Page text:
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Nephron Exp Nephrol. 2004;96(4):e119-26.

Successful gene transfer using adeno-associated virus vectors into the kidney: comparison among adeno-associated virus serotype 1-5 vectors in vitro and in vivo.

Author information

1
Division of Organ Replacement Research, Center for Molecular Medicine, Jichi Medical School, Tochigi, Japan. masafumi@jichi.ac.jp

Abstract

BACKGROUND/AIM:

Gene transfer into the kidney has great potential as a novel therapeutic approach. However, an efficient method of gene transfer into the kidney has not been established. We explored the transduction efficiency of renal cells in vitro and in vivo using adeno-associated virus (AAV) serotype 1-5 vectors encoding the beta-galactosidase gene.

METHODS:

In the in vitro study, rat kidney epithelial cell line NRK52E cells were transfected with AAV serotype derived vectors. In the in vivo study, AAV serotype derived vectors were selectively injected into the kidney using a catheter-based gene delivery system in rats and mice mimicking the clinical procedure. The efficiency of gene expression was histologically evaluated on the basis of the beta-galactosidase expression.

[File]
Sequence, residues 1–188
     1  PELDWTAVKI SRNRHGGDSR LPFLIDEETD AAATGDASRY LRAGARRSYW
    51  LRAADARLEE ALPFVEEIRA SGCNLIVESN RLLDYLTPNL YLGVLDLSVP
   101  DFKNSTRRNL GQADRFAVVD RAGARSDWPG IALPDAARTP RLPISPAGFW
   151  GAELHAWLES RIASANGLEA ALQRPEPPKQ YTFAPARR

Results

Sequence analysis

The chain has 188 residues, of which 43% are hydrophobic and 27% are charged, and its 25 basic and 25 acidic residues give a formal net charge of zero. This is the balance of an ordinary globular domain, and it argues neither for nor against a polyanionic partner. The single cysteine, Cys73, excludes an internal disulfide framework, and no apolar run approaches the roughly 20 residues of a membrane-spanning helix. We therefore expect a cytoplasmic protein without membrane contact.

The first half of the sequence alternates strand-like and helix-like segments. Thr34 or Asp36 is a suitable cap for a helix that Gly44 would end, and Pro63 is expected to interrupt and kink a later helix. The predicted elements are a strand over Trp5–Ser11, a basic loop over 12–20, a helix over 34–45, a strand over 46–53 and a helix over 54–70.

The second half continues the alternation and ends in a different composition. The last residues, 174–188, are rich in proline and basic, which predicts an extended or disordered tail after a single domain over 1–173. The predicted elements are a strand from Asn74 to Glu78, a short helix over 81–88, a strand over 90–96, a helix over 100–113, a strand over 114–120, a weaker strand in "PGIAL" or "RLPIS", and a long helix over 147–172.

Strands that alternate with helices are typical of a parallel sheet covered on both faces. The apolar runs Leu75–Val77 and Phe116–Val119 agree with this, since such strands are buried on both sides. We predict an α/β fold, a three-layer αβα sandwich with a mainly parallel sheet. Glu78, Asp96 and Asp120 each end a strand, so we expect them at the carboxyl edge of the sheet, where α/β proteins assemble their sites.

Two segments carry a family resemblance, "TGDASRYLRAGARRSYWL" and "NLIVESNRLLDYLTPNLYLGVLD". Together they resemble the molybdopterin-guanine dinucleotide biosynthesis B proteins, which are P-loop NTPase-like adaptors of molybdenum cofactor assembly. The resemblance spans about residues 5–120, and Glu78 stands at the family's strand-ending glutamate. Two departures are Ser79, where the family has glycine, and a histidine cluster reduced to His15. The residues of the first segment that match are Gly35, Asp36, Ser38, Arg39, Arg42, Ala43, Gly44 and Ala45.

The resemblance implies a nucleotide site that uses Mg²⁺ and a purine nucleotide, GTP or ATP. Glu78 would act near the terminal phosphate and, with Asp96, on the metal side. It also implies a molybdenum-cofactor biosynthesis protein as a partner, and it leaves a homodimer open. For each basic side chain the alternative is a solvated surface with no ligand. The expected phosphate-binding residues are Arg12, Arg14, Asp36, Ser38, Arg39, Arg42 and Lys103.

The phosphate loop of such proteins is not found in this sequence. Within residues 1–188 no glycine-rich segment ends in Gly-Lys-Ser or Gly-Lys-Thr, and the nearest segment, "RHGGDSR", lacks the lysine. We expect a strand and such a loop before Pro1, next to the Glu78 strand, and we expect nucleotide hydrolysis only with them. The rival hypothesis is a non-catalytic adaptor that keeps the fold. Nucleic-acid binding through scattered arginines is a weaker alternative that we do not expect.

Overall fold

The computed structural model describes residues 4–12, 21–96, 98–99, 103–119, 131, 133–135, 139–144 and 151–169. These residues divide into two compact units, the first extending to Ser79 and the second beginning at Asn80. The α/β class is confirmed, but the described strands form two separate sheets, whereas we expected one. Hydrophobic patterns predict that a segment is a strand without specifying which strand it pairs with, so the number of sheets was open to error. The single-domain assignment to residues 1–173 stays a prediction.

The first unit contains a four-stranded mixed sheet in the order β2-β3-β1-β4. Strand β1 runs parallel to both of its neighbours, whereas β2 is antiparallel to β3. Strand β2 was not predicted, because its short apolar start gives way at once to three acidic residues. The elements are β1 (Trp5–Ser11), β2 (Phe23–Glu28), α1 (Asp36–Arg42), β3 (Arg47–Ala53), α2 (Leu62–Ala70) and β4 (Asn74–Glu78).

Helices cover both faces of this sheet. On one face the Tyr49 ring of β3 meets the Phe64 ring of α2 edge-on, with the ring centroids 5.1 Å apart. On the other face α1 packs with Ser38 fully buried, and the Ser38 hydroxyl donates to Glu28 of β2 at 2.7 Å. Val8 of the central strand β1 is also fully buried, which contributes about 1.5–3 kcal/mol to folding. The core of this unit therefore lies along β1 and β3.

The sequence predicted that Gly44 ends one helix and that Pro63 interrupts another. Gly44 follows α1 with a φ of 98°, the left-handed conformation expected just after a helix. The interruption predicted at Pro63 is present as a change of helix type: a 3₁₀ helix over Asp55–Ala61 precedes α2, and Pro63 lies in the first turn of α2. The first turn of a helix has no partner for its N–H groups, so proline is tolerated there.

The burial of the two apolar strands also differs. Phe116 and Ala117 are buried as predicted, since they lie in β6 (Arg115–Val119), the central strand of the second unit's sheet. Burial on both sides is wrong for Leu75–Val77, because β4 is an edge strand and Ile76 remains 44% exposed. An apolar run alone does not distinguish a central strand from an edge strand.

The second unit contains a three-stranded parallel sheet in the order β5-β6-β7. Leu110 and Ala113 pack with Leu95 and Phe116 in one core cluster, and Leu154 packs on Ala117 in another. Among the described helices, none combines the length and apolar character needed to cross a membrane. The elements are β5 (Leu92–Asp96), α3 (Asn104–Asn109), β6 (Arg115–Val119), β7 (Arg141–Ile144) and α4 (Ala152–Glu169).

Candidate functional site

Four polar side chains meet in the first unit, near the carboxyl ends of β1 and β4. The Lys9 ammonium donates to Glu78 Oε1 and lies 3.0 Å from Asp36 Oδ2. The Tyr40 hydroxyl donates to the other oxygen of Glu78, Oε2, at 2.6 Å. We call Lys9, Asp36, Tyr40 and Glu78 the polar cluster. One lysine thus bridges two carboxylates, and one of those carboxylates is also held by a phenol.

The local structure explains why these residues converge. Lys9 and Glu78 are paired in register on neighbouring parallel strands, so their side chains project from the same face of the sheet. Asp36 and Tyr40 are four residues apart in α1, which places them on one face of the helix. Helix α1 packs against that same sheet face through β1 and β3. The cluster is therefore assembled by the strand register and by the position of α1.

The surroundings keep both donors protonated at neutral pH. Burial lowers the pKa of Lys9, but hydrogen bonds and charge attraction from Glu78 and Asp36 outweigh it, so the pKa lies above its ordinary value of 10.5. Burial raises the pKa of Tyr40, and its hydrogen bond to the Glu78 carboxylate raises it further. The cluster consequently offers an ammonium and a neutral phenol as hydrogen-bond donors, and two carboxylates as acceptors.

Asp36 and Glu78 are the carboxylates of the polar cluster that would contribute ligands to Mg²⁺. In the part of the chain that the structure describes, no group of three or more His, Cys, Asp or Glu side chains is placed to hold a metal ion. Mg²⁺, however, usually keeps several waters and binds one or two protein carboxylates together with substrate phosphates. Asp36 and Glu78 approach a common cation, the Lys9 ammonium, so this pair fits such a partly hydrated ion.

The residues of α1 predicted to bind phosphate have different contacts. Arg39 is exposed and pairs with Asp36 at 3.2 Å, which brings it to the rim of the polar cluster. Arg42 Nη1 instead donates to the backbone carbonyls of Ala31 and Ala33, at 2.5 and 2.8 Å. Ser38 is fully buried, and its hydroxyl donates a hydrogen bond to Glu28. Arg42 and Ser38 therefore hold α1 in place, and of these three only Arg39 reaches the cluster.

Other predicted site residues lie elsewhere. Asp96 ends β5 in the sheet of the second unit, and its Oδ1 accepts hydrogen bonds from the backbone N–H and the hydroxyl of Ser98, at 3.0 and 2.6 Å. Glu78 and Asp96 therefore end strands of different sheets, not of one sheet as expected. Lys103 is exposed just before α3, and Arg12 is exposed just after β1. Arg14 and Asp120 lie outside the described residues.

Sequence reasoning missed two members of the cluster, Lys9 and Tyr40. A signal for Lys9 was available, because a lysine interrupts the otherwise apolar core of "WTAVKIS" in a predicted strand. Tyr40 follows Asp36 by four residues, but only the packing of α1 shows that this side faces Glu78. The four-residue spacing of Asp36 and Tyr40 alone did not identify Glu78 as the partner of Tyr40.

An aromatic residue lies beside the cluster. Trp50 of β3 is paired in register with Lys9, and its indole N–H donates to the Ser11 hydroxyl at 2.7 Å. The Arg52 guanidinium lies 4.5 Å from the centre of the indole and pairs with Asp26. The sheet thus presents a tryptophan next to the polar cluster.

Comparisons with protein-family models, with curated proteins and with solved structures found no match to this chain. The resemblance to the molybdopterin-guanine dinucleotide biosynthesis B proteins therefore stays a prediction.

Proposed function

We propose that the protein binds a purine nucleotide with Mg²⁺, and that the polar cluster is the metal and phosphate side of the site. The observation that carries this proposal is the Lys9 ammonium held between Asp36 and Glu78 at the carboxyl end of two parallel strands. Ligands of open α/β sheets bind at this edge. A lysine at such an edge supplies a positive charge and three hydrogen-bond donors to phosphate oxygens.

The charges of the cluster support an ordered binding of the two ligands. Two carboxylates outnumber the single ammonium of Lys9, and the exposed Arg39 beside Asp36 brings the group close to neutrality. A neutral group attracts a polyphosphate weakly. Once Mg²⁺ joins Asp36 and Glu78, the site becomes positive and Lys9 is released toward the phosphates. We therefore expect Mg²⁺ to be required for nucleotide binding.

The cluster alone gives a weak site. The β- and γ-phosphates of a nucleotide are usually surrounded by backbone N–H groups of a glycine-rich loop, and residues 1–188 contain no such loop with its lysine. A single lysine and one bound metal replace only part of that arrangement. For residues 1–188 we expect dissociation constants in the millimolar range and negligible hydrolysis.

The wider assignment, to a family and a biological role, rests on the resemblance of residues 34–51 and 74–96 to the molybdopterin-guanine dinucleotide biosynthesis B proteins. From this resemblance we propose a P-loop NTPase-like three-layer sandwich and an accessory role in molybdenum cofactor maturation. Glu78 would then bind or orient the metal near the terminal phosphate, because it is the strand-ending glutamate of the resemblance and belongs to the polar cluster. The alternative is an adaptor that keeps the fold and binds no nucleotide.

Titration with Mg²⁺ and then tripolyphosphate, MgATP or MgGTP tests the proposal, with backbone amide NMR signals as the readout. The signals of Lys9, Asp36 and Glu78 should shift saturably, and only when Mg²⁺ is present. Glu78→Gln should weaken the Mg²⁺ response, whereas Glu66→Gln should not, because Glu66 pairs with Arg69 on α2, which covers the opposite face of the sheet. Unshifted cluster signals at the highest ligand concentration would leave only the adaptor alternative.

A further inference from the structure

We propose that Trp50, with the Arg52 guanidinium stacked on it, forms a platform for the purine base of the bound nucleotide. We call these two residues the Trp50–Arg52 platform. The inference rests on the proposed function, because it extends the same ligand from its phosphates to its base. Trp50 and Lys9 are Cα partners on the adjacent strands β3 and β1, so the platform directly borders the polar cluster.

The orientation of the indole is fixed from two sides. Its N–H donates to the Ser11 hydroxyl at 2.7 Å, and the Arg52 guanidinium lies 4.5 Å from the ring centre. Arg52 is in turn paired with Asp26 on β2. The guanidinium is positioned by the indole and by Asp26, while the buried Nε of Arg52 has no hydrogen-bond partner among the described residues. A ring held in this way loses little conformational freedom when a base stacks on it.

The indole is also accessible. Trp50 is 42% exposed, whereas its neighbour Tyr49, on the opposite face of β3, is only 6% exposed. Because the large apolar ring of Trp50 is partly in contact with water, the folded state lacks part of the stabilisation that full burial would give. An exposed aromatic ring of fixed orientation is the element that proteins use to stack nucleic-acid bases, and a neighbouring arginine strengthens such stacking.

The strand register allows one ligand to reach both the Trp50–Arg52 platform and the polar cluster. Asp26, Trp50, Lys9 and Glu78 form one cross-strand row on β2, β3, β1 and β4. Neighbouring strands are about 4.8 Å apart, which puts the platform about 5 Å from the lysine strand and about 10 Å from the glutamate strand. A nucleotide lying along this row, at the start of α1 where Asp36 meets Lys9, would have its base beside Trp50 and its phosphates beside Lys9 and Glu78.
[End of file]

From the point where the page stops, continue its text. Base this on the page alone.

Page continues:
RESULTS:

AAV serotype 1, 2, and 5 vectors transduced in rat kidney epithelial cell line NRK52E cells in vitro, whereas AAV serotype 3 or 4 vectors showed no transduction. In addition, the kidney-specific injection of AAV serotype 2 vectors successfully transduced in tubular epithelial cells, but not in glomerular, blood vessel, or interstitial cells in vivo, whereas the rest of the serotypes showed no transduction.

CONCLUSION:

Since kidney-specific gene delivery via the renal artery by catheterization is highly feasible in humans, these findings provide useful information for promising strategies in renal gene therapy.

PMID:
15122061
DOI:
10.1159/000077378
[Indexed for MEDLINE]

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